Story: Gardiner, Kate
This biography was written by Trish McCormack and was first published in the Dictionary of New Zealand BiographyVolume 4, 1998
Kate (Katie) Gardiner was born on 21 September 1885 at Wavertree, Lancashire, England, to Frederick Gardiner, a shipowner, and his wife, Alice Evans. Her mountaineering career began early. As a child she accompanied her father on climbing trips in the European alps and was 10 years old when she climbed Mt Breithorn.
Her childhood among the mountains nurtured a lifelong interest and in 1925 she came upon a photograph of Mt Cook when sorting through her dead mother's possessions. This brought her out to New Zealand the following year. Guides at the Hermitage, Mt Cook, had expected a very experienced climber; her progress on her first climb was 'painfully slow'. Katie Gardiner was far from fit at the time, but her determination impressed the guides. Two years later, in 1928, she returned to New Zealand where she became the eighth woman to climb Mt Cook. She did some of her climbing with Englishman Harold Porter, who wrote of her patience in the face of jealousy from another woman climber and her equanimity when coping with difficult conditions.
Having finished a successful climbing season in New Zealand, Gardiner headed for the Canadian Rockies where she climbed Mt Assiniboine, the Matterhorn of this range, and made six first ascents with guide Walter Feuz. This set a pattern which was to continue for the next 10 years, as she spent the New Zealand summers climbing in the Southern Alps and the rest of the year climbing in Canada and Switzerland, becoming one of the foremost women climbers in the world. One of her most notable seasons in New Zealand was the summer of 1930–31, when she climbed 27 peaks, 9 of which were first ascents.
The following year Katie Gardiner began what was to become an epic struggle for the summit of New Zealand's second-highest peak, Mt Tasman, her goal since she climbed Mt Cook. During the 1932–33 season Katie and her guides made three unsuccessful attempts, each of which was foiled by bad weather. On the third occasion a sudden storm forced Katie, Englishman A. M. Binnie, and guides Vic Williams and Jack Pope to shelter in a crevasse, where they became stranded. On the sixth day Katie wrote a will to ensure that provision was made for her guides' wives. On the ninth day the weather cleared, they ate the last of their food and headed down the Fox Glacier, where they met a rescue party who had all but given them up for dead. Gardiner's survival was vindication for those struggling against the idea that mountaineering was too tough a sport for women.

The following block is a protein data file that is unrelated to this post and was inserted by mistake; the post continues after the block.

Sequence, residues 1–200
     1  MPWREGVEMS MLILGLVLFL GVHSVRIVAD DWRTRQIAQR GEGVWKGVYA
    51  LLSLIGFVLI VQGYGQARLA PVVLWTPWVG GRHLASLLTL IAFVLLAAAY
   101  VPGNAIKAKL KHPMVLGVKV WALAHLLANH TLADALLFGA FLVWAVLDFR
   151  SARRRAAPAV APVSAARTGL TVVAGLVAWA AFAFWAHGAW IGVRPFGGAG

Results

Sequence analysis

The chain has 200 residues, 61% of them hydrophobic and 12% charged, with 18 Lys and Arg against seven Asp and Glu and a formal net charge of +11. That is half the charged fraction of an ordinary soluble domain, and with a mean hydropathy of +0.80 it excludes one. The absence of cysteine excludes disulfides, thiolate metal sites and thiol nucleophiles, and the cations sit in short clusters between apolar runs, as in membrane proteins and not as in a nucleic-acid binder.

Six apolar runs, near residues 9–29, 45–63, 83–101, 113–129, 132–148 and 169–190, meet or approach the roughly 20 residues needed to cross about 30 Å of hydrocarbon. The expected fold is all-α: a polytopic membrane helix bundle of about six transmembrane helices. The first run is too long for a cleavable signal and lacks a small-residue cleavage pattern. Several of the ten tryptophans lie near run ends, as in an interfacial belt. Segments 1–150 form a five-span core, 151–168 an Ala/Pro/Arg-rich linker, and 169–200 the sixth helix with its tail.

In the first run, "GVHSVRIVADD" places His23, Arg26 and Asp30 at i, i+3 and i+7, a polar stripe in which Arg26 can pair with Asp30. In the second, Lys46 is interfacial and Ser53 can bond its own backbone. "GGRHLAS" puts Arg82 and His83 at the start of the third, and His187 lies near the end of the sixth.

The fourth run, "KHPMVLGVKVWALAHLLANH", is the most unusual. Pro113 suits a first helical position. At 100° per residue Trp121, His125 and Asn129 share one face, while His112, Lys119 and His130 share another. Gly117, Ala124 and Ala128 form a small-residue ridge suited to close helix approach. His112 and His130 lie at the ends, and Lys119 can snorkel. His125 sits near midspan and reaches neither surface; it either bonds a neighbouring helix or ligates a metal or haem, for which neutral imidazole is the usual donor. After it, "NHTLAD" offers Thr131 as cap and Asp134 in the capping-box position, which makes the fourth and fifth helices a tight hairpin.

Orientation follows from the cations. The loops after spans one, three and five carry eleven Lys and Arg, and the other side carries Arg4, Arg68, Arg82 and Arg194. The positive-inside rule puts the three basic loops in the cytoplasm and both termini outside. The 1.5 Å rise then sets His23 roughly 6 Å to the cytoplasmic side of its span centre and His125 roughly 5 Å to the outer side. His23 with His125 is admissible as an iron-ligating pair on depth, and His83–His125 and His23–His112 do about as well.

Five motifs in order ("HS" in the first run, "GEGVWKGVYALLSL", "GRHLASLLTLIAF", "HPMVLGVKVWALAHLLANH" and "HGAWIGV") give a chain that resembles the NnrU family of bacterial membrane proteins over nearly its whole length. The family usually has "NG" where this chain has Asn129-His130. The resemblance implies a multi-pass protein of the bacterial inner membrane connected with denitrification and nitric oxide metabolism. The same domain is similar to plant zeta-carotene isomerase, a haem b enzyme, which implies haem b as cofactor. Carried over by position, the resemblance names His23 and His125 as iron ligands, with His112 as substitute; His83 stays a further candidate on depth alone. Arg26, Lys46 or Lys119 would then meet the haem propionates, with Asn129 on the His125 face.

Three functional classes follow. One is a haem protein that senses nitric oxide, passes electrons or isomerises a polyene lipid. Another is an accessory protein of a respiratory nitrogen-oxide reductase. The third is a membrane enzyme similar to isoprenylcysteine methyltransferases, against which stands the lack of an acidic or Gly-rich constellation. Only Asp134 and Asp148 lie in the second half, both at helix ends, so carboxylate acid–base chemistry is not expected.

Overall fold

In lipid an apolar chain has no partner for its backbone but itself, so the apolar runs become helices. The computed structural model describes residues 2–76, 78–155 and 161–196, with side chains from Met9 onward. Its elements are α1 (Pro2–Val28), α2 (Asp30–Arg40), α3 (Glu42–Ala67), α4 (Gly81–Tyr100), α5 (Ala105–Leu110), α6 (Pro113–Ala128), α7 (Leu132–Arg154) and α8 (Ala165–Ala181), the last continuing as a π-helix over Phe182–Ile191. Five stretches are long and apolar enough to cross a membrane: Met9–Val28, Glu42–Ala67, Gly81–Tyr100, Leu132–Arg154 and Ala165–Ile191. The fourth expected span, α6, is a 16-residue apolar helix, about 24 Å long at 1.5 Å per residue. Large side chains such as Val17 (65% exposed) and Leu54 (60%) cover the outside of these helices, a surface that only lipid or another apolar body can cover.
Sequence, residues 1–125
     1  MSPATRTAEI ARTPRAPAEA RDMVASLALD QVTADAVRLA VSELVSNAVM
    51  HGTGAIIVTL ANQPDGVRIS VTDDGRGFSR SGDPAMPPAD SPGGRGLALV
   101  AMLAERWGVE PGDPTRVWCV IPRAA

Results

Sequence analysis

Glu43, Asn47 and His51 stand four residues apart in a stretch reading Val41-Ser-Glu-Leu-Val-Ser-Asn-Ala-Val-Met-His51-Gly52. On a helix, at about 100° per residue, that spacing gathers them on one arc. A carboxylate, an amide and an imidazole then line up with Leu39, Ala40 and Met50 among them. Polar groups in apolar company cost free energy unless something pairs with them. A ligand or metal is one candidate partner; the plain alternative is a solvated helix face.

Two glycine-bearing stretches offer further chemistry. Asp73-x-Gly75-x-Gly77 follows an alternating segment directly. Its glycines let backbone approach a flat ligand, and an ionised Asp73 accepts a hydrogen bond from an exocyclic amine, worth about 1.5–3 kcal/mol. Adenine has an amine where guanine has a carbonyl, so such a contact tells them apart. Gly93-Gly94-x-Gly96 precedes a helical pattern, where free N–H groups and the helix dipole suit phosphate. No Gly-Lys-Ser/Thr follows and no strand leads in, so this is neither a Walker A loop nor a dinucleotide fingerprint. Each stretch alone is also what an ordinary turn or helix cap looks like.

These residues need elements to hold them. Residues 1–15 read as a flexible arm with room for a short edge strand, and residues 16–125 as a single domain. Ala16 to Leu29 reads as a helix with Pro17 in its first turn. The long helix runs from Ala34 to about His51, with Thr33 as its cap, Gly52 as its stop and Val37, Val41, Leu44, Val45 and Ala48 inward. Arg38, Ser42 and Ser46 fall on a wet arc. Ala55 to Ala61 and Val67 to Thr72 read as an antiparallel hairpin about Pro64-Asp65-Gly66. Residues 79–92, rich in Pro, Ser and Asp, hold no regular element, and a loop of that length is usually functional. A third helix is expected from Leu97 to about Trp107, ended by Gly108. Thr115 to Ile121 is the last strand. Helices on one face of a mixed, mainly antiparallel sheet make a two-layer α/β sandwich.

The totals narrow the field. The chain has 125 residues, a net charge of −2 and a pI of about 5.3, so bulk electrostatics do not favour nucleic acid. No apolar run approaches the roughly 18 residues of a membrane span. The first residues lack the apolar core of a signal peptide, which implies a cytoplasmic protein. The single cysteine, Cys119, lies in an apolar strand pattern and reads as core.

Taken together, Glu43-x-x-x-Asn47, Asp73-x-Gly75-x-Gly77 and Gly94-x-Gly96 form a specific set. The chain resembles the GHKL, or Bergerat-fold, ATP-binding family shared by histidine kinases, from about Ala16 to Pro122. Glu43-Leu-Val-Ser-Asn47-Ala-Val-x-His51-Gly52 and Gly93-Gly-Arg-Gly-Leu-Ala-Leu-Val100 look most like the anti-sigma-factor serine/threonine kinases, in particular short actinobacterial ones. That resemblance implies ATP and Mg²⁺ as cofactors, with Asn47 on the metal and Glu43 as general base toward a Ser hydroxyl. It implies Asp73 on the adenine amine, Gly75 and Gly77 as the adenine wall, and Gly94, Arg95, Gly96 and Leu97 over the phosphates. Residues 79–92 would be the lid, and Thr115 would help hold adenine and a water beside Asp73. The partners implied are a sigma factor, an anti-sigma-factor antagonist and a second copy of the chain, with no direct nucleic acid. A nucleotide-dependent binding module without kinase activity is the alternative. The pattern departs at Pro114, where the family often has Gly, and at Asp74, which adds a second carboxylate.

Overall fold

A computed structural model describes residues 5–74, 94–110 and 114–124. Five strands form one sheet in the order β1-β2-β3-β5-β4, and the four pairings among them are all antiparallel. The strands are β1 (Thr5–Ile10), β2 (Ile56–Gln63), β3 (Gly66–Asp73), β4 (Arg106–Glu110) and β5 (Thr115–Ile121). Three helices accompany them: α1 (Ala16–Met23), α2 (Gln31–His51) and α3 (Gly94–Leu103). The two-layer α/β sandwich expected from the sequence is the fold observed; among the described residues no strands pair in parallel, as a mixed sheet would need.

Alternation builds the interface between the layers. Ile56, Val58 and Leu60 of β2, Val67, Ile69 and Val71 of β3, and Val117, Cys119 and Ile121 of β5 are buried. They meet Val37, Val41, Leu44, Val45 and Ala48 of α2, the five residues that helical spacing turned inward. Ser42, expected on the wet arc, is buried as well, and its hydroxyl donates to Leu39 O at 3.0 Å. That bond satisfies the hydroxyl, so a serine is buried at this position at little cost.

Undeterred by her experience, Gardiner headed for the Rockies and more first ascents. She returned to New Zealand later in the year and finally achieved her goal of climbing Mt Tasman (the second woman to do so), as well as climbing another 20 peaks. She had contributed to the cost of a small hut on Pioneer Ridge in the Fox névé and this was to aid her Tasman expedition and those of countless others. Her next New Zealand expedition took her further south, where she climbed Mounts Aspiring and Tutoko.
Katie Gardiner climbed in an era when men and women alike relied heavily on guides. A woman of means, she could afford to hire their services for the duration of her holidays and to finance her extensive travel. Reserved, with a keen sense of humour and great kindness, she was held in high regard by her guides, who named a hut in her honour at Mt Cook. She was described as a slow but steady climber with great stamina.
The Second World War interrupted Gardiner's climbing career, and she worked as commandant of an auxiliary convalescent unit in England. Although having no time for climbing, she served as the president of the Ladies' Alpine Club (1941–43).
In 1948 Gardiner returned to New Zealand to visit her friends Irene Chambers and Kate Small in Hawke's Bay, and climbed Mounts Egmont and Ruapehu. Two years later she came back to live permanently with Chambers, and later with Kate Small in Hastings. Her last climb, in 1951, was of the Minarets at the head of the Franz Josef Glacier, where 'she went as well as anyone half her age'.
Katie Gardiner had never married. She died in Hastings on 29 January 1974.